ORANGE, NJ — Irvington Township was represented by Lionel Leach at this year’s annual Orange Caribbean Festival, organized by Nikki Amos and Campanella Godfrey, in Monte Irving Park on Central Avenue in Orange on Saturday, Aug. 4.
A former Communications Workers of America Union official, as well as part of former Mayor Wayne Smith’s unsuccessful re-election campaign slate in 2016, Leach has remained active in numerous activities in Irvington and the surrounding area.
“I’m out here supporting Nikki and her crew. They did an excellent job today and I’m always happy to come out here and support and be around my Trinidadian and Caribbean people,” said Leach on Saturday, Aug. 4. “It’s very important to the community. Every municipality should be doing one. They do a great job out here and I’m always supporting Nikki and her crew.”
Every year, Amos and Godfrey organize Orange’s Caribbean Festival in Orange, with the support of the local mayor, Orange City Council and a host of public and private supporters. Leach said what their work makes it possible for everyone throughout Essex County to enjoy such cultural events, including the upcoming Essex County African Caribbean Festival on Saturday, Sept. 8, in Branch Brook Park in Newark.
“There’s no competition among different festivals, because they all come together … making sure they support each and everyone involved, because this is a lot of work,” Leach said. “It’s on Sept. 8 in Branch Brook Park. It’s being done by Essex County Executive Joseph ‘Joe D’ DiVincenzo and the freeholders. … It will be the fourth annual event. It’s always about coming together and getting good ideas from one and making sure we pool our strength.”
In addition to Leach, this year’s efforts attracted the attention of Carol Thomas and her daughter, Christi, of Brooklyn, N.Y., who decided to come to Orange on Saturday, Aug. 4, to see what was being done to celebrate Caribbean-American music, food, art and culture.
“I think you guys should really keep it up,” said Carol Thomas on Saturday, Aug. 4. “Maybe publicize it a little more, because I was not really knowledgeable about it. But I heard about it and I said, ‘Let me come and experience it.’ Based on what I see, the environment is very family-oriented, free from traffic and congestion and commotion; it’s a fun place to be. It should be an annual thing.”
Christi Thomas, 18, recently graduated from high school and returned to the United States, after taking a field trip to her mother’s home island of Grenada. She agreed that Orange’s annual Caribbean Festival should be a featured attraction for everyone who loves Caribbean culture.
“Very beautiful,” said Christi Thomas on Saturday, Aug. 4. “I love the unity it promotes, especially at times like these. At times like this, with everything that’s going on in the world, we need more things like this.”
In fact, both said they were so impressed by the festival that they plan to attend again next year. The two live on Flatbush Avenue in Brooklyn, where the biggest, most extravagant Caribbean parade outside the Caribbean takes place each year, and they said their high expectations were more than met in Orange.
“For something that’s new, it seems really fun,” said Christi Thomas. “Really well established. Really professional.”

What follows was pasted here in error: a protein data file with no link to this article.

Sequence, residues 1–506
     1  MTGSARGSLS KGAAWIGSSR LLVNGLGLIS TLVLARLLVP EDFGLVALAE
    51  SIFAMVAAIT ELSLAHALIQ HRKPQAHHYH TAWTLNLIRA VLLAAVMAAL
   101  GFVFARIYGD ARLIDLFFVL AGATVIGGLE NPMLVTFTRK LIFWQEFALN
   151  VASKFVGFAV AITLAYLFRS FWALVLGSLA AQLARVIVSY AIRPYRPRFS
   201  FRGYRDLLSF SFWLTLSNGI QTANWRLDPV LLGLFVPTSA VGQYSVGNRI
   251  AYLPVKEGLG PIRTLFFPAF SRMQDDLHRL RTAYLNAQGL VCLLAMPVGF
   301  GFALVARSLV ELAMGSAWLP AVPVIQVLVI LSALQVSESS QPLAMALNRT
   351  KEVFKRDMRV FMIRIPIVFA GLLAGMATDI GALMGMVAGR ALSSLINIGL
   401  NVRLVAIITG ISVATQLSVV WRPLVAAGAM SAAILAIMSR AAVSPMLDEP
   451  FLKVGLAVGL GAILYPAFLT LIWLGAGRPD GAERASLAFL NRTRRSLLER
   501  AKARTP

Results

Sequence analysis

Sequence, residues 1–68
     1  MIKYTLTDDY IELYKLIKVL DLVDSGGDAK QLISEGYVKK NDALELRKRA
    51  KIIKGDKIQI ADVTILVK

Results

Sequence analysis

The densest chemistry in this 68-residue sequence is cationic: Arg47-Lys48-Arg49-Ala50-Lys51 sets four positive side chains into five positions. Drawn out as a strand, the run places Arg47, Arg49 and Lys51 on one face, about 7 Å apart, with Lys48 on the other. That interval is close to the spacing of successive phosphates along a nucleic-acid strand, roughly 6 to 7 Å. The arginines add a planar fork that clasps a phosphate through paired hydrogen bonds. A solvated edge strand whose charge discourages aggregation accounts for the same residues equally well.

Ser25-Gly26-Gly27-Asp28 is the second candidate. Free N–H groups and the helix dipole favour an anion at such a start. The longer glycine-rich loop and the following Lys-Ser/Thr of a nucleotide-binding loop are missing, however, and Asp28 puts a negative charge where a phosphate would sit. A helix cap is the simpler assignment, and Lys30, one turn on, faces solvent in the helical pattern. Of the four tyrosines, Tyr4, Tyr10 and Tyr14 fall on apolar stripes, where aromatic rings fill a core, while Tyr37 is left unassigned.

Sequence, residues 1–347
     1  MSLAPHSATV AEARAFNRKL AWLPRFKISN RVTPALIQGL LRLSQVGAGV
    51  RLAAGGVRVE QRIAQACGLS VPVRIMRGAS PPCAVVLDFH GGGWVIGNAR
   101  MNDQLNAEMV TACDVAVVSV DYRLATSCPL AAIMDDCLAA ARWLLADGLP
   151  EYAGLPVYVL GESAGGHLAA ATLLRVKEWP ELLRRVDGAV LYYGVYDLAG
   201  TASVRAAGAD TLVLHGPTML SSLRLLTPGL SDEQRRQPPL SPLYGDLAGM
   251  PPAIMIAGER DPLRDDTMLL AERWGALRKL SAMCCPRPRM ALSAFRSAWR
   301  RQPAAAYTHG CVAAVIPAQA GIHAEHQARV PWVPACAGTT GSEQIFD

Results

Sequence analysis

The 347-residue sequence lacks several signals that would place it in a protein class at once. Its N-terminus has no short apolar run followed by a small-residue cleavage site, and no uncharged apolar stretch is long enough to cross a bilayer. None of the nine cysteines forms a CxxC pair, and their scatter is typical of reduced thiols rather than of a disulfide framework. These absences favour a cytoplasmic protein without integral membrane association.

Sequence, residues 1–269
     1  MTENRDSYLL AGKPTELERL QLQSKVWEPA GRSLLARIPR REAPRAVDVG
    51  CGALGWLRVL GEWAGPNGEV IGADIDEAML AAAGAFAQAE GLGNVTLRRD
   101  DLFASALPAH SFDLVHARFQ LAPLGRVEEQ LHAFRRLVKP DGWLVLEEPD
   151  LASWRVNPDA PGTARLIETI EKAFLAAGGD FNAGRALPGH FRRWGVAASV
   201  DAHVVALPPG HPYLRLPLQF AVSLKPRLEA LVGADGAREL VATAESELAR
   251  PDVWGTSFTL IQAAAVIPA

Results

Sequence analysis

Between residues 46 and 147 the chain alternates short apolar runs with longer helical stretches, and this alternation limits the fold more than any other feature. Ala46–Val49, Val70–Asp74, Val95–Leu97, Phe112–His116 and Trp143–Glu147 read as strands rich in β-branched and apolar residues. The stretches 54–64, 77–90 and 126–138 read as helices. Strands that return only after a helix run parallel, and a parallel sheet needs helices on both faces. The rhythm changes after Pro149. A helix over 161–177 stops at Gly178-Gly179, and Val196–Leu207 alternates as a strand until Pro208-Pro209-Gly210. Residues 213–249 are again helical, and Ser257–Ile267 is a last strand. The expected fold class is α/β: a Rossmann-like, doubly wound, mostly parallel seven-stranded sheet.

Carol Thomas called it her duty to expose her daughter to as much authentic Caribbean culture as possible and said the event “was excellent. It was our first time, but we really enjoyed it. Anything for Caribbean culture. Anything to do with our culture. That’s part of our culture, so we’ll be here. Next year, same time, same place, we’ll be here.”
“That’s exactly what we want to hear,” said Amos on Saturday, Aug. 4. “And it’s great to hear that people from Brooklyn came all the way here to Orange for our festival. They have a very high bar, so if Brooklyn people are saying that we’re doing a pretty good job and they’re coming back, we’ve got to be doing something right. So that’s good to know. That’s very high praise.”
Patrick Reid, president of the East Orange Chamber of Commerce and a member of the Jamaican Organization of New Jersey, was also at the annual Orange Caribbean Festival, as a proud Jamaican and local businessman. He agreed the event could have been better publicized.
“We’ve got to do a better job marketing the culture,” said Reid on Saturday, Aug. 4. “It’s being consumed all over the county, all over the state of New Jersey. I will tell you that the Caribbean Fund Family Foundation had over 5,000 people in the park this year. Following that at the Jersey City Carnival, we had about 10,000 to 15,000 people over there as well. Orange is the epicenter of Essex County for Caribbean people. There is a desire for culture and it’s here right in Orange.”
Godfrey agreed with those sentiments.
“Everyone wants a taste of that Caribbean flavor,” said Godfrey on Saturday, Aug. 4. “People are hungry for Caribbean culture, and it’s ain’t just the jerk chicken.”
Orange North Ward Councilwoman Tency Eason agreed that Caribbean nations, which contribute their own ethnic ingredients to the city’s overall multicultural diversity, are a source of great pride for Orange and can be used as an economic engine to power the city’s ongoing development efforts. Plus, she said helping to organize and support such events in Orange is the right thing to do.
“We’ve got to be all inclusive, right? Assimilate. Get to know everybody and their culture and embrace them in our city,” said Eason on Saturday, Aug. 4. “It’s a community event and it brings everybody together …
socializing and having a good time.”
Eason agreed with several people, including DJ Romano, of Brooklyn, the event’s annual host and emcee, who said a carnival-style parade should take place at next year’s festival, marching up Central Avenue, from East Orange into Orange.
“We did that last year,” said Eason. “We didn’t do that this year, but we did that last year. We could do it again next year, too.”